"Even though Bush isn't one of them - he's a son of privilege - he comes off as just a good old boy," Mr. Murphy said.

Pondering the disparity, Bret Adams, a 33-year-old computer network administrator in Rego Park, Queens, said, "I think a lot of the country sees New York as a wild and crazy place, where these things like the war protests happen."

Ms. Camhe, the film producer, frequents Elaine's restaurant with friends and spends many mornings on a bench in Central Park talking politics with homeless people with whom she's become acquainted. She spent part of Tuesday knocking on doors in Pennsylvania to rustle up Kerry votes then returned to Manhattan to attend an election-night party thrown by Miramax's chairman, Harvey Weinstein, at The Palm. Ms. Camhe was also up much of the night talking to a son in California who was depressed at the election results.

When it became clear yesterday morning that the outlook for a Kerry squeaker was a mirage, she was unable to eat breakfast. Her doorman on Central Park West gave her a consoling hug. Then a friend buying coffee along with her said she had just heard a report on television that Mr. Kerry had conceded and tears welled in Ms. Camhe's eyes.

Ms. Camhe explained the habits and beliefs of those dwelling in the heartland like an anthropologist.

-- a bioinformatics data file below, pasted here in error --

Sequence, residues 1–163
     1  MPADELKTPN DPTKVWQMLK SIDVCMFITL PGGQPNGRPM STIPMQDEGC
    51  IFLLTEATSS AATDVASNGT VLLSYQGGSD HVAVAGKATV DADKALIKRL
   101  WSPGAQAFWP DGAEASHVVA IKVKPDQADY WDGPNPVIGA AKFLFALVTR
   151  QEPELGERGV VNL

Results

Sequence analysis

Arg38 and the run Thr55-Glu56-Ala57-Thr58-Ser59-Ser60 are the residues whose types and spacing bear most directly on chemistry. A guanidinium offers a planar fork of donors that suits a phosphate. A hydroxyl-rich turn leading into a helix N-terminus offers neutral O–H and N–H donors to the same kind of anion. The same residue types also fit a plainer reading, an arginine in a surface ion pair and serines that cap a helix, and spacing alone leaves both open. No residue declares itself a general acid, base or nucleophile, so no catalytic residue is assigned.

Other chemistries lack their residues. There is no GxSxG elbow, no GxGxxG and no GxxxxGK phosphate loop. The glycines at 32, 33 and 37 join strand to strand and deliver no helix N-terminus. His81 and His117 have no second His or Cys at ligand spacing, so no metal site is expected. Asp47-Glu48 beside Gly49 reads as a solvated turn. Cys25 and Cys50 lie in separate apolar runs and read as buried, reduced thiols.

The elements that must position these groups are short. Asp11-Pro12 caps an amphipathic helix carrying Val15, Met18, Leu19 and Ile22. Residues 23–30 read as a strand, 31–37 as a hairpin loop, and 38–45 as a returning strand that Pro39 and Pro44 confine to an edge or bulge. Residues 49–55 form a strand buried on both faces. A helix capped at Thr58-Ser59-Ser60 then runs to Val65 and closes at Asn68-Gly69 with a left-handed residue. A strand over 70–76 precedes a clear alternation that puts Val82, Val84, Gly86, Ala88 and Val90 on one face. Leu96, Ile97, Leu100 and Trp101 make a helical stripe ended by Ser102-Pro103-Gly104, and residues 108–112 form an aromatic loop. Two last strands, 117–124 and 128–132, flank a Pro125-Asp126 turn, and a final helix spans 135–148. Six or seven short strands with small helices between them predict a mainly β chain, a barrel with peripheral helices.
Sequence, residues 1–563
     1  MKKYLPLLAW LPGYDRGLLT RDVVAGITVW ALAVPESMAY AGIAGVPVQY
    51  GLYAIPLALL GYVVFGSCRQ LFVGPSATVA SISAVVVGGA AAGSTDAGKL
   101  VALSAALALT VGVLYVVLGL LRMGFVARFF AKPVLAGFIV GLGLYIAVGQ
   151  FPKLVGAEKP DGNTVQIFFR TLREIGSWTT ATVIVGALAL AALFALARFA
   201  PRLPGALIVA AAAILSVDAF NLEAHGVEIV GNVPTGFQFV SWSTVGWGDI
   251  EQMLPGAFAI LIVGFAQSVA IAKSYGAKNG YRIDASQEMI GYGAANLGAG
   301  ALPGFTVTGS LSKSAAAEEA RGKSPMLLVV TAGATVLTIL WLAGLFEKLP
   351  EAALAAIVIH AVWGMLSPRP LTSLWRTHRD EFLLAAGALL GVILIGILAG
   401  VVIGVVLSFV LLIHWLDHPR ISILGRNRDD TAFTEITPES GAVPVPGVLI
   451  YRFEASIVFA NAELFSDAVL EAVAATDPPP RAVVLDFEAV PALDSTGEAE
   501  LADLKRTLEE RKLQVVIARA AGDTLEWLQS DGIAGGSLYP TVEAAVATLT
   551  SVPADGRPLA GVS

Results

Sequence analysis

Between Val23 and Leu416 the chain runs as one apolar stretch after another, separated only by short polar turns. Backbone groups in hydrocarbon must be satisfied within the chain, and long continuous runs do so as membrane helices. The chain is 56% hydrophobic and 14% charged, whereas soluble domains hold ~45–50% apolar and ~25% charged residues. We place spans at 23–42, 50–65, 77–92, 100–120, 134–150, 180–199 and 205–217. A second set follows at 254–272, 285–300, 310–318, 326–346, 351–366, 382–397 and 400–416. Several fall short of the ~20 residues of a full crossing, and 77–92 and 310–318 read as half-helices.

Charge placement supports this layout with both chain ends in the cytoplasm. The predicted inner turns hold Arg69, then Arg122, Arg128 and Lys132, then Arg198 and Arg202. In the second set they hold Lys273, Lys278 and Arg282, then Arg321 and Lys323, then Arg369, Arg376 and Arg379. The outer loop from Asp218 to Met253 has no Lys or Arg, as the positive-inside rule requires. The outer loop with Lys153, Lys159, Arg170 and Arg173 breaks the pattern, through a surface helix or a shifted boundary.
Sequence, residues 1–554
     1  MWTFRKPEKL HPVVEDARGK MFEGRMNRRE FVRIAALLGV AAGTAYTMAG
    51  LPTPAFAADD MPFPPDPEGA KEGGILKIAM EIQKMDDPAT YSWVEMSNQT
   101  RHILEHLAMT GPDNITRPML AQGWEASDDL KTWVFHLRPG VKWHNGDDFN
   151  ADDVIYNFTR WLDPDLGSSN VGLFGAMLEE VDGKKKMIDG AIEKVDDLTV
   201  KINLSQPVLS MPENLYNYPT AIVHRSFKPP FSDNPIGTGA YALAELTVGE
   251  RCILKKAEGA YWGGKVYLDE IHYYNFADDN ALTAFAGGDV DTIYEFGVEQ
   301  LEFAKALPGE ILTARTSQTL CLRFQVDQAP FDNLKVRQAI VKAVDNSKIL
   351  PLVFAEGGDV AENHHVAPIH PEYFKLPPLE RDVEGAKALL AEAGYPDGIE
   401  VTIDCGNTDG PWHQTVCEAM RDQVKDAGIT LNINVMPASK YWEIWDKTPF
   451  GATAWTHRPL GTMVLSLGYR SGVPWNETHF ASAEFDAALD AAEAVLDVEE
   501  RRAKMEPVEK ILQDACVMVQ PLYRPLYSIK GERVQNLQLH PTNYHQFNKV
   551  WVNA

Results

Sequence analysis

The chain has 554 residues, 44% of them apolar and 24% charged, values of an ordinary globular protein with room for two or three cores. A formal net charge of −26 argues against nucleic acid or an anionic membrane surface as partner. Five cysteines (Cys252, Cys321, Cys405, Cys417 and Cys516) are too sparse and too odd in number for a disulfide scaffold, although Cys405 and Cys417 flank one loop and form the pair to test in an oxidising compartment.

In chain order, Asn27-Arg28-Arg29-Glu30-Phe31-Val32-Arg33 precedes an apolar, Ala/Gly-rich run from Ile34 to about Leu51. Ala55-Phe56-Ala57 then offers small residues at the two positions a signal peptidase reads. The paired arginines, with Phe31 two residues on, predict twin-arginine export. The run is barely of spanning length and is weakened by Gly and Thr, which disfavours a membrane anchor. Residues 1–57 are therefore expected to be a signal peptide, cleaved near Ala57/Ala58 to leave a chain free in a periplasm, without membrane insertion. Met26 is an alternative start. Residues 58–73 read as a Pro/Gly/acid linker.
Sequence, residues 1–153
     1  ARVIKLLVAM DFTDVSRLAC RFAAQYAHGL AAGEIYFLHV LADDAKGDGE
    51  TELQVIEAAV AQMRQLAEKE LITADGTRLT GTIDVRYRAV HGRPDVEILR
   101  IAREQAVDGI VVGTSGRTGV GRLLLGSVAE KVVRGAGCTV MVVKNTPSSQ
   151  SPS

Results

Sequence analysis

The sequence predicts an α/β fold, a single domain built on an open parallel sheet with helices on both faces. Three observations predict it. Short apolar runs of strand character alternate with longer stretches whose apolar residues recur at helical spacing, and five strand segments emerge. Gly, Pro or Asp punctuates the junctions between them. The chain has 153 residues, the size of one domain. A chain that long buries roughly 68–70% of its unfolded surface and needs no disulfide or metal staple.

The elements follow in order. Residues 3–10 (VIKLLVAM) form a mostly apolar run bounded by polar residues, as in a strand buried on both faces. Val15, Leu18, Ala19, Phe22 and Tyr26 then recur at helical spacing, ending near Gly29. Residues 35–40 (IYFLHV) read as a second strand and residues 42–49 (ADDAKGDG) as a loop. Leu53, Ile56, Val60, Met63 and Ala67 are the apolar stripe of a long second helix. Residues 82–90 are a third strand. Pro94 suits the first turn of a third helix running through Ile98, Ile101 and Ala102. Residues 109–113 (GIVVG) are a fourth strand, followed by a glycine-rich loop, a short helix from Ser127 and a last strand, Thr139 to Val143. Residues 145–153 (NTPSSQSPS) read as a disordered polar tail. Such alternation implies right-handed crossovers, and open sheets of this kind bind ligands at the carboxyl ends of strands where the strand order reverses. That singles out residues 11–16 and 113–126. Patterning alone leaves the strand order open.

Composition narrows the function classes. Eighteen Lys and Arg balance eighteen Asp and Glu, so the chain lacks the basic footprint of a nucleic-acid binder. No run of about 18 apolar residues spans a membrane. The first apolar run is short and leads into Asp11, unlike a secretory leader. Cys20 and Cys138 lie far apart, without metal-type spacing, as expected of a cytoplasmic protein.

"What's different about New York City is it tends to bring people together and so we can't ignore each others' dreams and values and it creates a much more inclusive consciousness," she said. "When you're in a more isolated environment, you're more susceptible to some ideology that's imposed on you."

As an example, Ms. Camhe offered the different attitudes New Yorkers may have about social issues like gay marriage.

"We live in this marvelous diversity where we actually have gay neighbors," she said. "They're not some vilified unknown. They're our neighbors."

But she said that a dichotomy of outlooks was bad for the country.

"If the heartland feels so alienated from us, then it behooves us to wrap our arms around the heartland," she said. "We need to bring our way of life, which is honoring diversity and having compassion for people with different lifestyles, on a trip around the country."

Michael Brick and Brian McDonald contributed reporting for this article.